Branch: A branch is a traversing path between any two nodes in a circuit that have electrical elements. The above diagram shows that the circuit has seven branches, of which four are resistive branches (a-c, a-b, b-c, and b-g), and the other three branches contain voltage and current sources (a-b, a-g, and c-g).

Loop: A loop is any closed path in an electrical circuit. A loop in a circuit consists of branches that have a beginning point and an end point for tracing the path of electricity. In the above diagram, loops/closed paths include a-b-g-a and a-c-b-a. Further, it may be noted that the outside closed paths are a-c-g-a and a-b-c-g-a.

Mesh: A mesh is a special loop that does not include any other loops within it. The above diagram indicates that the three loops (a-b-g-a, b-c-g-b and a-c-b-a) are also considered meshes, while the loops a-c-g-a and a-b-c-g-a are not considered meshes.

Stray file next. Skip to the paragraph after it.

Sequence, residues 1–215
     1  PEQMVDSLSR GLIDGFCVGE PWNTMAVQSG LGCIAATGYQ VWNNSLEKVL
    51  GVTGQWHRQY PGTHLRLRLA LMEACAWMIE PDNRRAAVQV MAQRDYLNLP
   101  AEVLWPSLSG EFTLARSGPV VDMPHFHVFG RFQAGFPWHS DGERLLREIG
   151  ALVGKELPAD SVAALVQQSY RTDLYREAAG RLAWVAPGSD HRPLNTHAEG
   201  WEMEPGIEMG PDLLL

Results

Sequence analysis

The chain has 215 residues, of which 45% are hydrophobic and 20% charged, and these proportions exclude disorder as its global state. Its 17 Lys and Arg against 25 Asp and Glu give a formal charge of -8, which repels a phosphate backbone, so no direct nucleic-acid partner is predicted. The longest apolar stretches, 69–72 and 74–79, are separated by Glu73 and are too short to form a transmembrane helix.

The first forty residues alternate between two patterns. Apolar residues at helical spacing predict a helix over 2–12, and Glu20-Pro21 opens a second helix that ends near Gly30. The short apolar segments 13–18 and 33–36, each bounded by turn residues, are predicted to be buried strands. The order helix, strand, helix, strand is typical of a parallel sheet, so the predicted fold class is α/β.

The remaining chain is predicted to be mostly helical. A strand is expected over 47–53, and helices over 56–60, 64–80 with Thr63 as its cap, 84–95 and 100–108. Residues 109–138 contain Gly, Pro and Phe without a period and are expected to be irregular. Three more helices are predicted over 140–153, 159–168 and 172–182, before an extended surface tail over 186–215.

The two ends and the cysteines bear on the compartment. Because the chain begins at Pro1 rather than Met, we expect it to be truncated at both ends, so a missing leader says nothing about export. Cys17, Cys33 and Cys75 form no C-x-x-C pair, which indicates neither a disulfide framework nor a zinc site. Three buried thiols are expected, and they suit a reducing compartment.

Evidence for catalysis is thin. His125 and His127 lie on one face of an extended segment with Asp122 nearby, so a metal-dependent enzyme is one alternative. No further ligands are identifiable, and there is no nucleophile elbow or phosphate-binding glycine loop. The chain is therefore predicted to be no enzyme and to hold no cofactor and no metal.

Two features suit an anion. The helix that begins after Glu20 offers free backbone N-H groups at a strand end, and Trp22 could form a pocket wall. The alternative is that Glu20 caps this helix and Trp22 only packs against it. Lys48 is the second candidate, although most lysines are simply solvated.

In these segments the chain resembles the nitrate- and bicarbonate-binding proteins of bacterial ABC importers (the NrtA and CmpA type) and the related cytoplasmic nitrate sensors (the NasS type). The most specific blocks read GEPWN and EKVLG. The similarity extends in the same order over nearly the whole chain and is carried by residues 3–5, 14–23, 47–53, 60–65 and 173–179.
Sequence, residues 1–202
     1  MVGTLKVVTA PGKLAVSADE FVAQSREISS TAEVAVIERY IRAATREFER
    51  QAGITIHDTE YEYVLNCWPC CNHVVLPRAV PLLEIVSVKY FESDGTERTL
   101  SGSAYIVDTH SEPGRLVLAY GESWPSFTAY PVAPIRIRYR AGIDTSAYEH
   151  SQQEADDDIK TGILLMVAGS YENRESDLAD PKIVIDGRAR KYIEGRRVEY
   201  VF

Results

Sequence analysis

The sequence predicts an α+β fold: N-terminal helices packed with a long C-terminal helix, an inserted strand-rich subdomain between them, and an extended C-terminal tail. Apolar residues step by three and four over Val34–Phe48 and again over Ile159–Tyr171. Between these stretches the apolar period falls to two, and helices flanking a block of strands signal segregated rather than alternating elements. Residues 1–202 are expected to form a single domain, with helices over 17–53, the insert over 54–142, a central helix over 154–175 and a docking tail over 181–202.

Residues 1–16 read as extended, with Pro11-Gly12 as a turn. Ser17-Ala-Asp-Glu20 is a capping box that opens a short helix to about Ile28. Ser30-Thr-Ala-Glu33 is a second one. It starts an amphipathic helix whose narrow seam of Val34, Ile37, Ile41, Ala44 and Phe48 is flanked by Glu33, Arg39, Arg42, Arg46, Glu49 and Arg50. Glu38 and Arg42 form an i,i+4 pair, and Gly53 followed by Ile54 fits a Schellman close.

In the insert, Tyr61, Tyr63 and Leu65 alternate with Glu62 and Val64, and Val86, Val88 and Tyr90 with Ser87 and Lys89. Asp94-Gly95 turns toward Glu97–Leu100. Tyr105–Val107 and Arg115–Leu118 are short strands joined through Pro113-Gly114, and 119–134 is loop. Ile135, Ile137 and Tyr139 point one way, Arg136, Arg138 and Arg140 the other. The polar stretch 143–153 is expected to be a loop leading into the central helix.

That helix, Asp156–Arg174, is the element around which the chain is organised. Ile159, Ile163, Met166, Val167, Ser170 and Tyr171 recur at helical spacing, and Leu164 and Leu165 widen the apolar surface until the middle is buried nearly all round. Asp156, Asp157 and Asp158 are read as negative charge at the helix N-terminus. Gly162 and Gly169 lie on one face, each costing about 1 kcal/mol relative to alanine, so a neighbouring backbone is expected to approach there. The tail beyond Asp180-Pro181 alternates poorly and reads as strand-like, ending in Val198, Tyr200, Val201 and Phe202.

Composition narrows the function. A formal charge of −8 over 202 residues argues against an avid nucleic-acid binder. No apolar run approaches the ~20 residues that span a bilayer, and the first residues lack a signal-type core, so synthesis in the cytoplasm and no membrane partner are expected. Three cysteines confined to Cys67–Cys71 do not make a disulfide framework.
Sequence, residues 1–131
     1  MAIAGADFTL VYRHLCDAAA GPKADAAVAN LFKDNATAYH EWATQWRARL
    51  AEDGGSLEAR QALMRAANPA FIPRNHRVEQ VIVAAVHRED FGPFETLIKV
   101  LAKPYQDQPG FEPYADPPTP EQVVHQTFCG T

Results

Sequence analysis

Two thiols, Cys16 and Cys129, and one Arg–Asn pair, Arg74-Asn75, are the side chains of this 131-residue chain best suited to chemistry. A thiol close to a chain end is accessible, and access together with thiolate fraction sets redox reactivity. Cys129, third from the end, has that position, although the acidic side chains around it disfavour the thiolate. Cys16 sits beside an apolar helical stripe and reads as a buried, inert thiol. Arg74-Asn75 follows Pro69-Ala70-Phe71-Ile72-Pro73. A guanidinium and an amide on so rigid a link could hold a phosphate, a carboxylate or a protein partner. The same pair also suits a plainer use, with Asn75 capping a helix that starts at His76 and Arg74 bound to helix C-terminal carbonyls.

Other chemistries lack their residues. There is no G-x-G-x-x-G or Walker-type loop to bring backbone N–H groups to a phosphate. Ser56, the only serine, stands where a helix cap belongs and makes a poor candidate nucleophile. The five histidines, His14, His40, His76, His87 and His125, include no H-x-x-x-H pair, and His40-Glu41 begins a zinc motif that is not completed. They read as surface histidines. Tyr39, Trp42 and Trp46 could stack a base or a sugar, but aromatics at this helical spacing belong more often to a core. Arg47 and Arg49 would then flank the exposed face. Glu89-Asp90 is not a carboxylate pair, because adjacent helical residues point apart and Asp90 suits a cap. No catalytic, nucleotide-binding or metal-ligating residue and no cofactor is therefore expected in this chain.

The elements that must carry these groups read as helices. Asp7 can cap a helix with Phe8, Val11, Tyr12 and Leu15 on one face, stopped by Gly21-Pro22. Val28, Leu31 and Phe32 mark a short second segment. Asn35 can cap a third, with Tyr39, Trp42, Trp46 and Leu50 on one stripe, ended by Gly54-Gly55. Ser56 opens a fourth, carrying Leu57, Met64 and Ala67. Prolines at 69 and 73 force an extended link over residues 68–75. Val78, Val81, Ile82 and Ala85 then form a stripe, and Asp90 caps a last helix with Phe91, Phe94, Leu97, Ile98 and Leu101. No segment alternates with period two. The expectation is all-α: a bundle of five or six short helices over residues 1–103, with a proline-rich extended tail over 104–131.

Kirchhoff’s Current Law:

KCL states that at any node in a circuit, the algebraic sum of currents entering and leaving a node at any instant of time must be equal to zero. Currents entering and currents exiting the node must be assigned opposite algebraic signs to assure the resultant equates to zero. Example: In the following figure, I1 – I2 + I3 – I4 + I5 – I6 = 0. 
Figure: Kirchhoff's Current Law

Kirchhoff’s Voltage Law

KVL states that in a closed circuit, the sum of all source voltages must be equal to the sum of all voltage drops. Voltage drops occur when the current flows from the higher potential terminal toward the lower potential terminal. Voltage rise occurs when current flows from a lower potential terminal toward the higher potential terminal or positive terminal of voltage source.